Monthly Archives: February 2021


When we type words, we can give emphasis by using italics, or a larger typeface, an exclamation point, or maybe using a different font or color.

When we want to give importance to an image, we can place it in a mat or frame. This border around the image sets it apart from the rest of the world and draws attention to the piece. A larger frame gives it more status, and says pay attention.

This is important.

Part of this

No brushstroke, regardless of the color or shape, will ever be a pumpkin or a tree. It will always be a smear of paint on some surface. As an artist, you need to decide what makes that application of paint represent what you want to convey.

It is not always necessary to fool the eye (trompe l’oeil) into believing that this paint is an actual balcony or telephone. For some people, the test of a good painting is whether it can pass as a photograph. I heartily reject that criteria. I have a camera that can make something look exactly like a photograph in a fraction of a second. To make something look like a painting, painted by a human being, is something that artificial intelligence is now trying to emulate.

You and I (assuming you, my dear reader, are human), have the ability to produce human art simply by dipping our brush into the paint and applying it to our surface of choice. It really requires no talent, human. It only takes action. It takes doing. You can make a mark. A handprint. A line.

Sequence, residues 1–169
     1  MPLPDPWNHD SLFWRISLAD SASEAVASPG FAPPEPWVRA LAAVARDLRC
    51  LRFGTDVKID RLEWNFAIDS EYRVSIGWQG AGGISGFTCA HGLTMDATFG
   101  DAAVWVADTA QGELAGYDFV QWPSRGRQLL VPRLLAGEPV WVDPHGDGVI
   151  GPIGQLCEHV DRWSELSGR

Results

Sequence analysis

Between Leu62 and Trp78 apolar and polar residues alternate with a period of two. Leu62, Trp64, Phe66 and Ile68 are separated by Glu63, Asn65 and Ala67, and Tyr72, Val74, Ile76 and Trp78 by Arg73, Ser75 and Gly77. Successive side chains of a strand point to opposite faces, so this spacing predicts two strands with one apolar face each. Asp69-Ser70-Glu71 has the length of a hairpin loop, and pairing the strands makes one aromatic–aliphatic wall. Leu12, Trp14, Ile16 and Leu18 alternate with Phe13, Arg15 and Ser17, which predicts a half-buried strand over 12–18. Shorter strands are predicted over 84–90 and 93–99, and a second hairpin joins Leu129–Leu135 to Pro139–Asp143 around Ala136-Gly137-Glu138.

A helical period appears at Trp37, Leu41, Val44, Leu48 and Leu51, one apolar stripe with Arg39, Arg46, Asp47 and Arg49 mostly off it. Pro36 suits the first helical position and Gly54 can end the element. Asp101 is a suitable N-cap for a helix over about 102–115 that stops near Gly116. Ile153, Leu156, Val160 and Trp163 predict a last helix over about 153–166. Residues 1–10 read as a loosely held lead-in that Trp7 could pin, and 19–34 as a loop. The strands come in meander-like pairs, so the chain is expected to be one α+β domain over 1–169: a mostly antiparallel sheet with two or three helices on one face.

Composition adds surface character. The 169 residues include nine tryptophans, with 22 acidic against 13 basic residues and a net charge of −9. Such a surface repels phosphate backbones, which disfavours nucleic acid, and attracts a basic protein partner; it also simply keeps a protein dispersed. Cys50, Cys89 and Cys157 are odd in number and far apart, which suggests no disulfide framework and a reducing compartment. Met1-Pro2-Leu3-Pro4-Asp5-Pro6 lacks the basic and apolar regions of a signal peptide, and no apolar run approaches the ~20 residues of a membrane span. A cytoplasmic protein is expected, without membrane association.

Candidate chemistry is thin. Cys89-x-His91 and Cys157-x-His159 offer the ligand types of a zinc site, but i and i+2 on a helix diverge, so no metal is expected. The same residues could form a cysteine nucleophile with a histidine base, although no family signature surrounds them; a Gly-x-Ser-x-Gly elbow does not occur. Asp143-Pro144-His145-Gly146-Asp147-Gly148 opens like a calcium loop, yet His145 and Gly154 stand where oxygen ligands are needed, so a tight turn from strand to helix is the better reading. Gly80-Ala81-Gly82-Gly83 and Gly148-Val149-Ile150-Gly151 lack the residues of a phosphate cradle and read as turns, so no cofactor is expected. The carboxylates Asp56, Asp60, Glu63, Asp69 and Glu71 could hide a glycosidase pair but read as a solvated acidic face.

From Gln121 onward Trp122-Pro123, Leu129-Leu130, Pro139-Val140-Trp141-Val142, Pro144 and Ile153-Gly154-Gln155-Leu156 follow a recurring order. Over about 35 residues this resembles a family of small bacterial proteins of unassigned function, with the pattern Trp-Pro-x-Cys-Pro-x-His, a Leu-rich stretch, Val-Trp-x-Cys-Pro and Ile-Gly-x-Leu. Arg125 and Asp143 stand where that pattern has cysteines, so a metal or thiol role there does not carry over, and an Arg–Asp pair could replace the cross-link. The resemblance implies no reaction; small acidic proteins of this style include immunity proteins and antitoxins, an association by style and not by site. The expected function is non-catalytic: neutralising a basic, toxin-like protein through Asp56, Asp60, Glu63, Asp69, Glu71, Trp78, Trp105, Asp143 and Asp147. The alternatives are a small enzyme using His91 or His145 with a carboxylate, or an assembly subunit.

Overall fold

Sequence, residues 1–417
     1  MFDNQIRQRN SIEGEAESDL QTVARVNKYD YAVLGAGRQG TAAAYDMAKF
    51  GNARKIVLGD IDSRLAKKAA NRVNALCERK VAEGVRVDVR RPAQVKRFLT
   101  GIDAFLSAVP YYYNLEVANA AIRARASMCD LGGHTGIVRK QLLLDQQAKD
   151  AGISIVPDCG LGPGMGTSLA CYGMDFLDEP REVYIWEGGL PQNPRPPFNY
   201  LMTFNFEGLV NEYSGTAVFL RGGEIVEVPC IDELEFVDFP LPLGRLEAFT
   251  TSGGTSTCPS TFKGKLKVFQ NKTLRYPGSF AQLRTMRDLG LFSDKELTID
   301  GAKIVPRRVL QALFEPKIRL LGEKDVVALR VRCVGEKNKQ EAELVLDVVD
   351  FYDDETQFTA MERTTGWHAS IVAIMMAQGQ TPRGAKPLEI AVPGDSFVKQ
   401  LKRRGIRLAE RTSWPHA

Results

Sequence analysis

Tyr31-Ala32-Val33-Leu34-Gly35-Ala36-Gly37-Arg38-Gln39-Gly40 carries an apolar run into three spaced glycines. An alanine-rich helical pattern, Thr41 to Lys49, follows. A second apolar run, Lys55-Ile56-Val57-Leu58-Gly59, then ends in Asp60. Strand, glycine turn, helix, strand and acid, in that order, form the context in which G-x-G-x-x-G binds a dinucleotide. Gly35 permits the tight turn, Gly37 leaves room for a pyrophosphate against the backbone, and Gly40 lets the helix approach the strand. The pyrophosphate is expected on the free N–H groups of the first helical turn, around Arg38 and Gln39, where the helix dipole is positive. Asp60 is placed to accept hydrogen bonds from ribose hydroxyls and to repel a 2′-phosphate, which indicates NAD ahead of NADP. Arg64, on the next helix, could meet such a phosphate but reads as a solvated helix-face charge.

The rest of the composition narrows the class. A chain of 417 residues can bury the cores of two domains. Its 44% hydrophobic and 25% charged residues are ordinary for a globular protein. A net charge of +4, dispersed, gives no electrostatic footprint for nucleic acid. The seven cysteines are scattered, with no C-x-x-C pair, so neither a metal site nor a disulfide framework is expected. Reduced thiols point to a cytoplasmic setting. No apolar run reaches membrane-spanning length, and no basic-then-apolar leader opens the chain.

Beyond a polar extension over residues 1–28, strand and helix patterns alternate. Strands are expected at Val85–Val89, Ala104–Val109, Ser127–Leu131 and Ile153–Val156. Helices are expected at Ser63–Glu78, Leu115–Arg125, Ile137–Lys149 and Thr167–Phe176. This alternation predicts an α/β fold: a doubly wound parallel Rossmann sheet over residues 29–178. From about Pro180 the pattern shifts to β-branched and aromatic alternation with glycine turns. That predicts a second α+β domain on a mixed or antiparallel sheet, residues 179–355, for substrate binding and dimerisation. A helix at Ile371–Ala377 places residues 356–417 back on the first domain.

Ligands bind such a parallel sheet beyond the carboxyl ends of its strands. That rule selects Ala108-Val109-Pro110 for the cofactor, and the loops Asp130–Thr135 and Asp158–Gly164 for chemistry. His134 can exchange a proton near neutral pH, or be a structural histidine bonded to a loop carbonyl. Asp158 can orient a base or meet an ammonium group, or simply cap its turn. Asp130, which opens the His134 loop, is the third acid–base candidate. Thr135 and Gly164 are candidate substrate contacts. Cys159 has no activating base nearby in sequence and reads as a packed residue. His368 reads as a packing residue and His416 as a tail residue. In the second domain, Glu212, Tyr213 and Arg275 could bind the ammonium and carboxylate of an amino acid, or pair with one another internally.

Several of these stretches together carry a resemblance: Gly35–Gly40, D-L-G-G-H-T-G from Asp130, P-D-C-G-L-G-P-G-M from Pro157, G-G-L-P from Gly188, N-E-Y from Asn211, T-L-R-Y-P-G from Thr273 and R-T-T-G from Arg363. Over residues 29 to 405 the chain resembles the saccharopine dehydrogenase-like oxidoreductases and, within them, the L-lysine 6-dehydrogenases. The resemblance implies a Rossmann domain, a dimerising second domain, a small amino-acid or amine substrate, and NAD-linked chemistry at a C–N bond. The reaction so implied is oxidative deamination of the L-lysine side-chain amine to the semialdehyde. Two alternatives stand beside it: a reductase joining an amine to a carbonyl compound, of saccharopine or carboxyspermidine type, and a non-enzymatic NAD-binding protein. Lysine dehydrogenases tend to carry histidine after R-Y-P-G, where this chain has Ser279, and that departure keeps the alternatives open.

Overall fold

And you will have left a record of your presence.

Some paint smearers are applauded for the precision of the shapes, colors and values in the paint they leave behind. You can learn from what they did, as you can learn from anything. What matters is what soaks so deep into you that it comes out again in the way you smear paint or make mud pies or draw on your cave walls with sticks from the fire.

Because someone else did something beautiful doesn’t mean your voice is less. There is so much more to be said. So much more to be thought about, and so much more to be expressed.

Trust your voice to know what to say, and trust your hand to know how to say it. I believe we were formed to do this. To look up at the night sky, or out across the water and see something far bigger than us. Pondering how small we are, we come to realize, no.

We are part of this.


Construction on my house was underway while I was under construction in the womb, and we were both unveiled in 1960.

I’ve lived longer in this house than I have lived anywhere else, and I have lived in this house longer than anyone else ever has.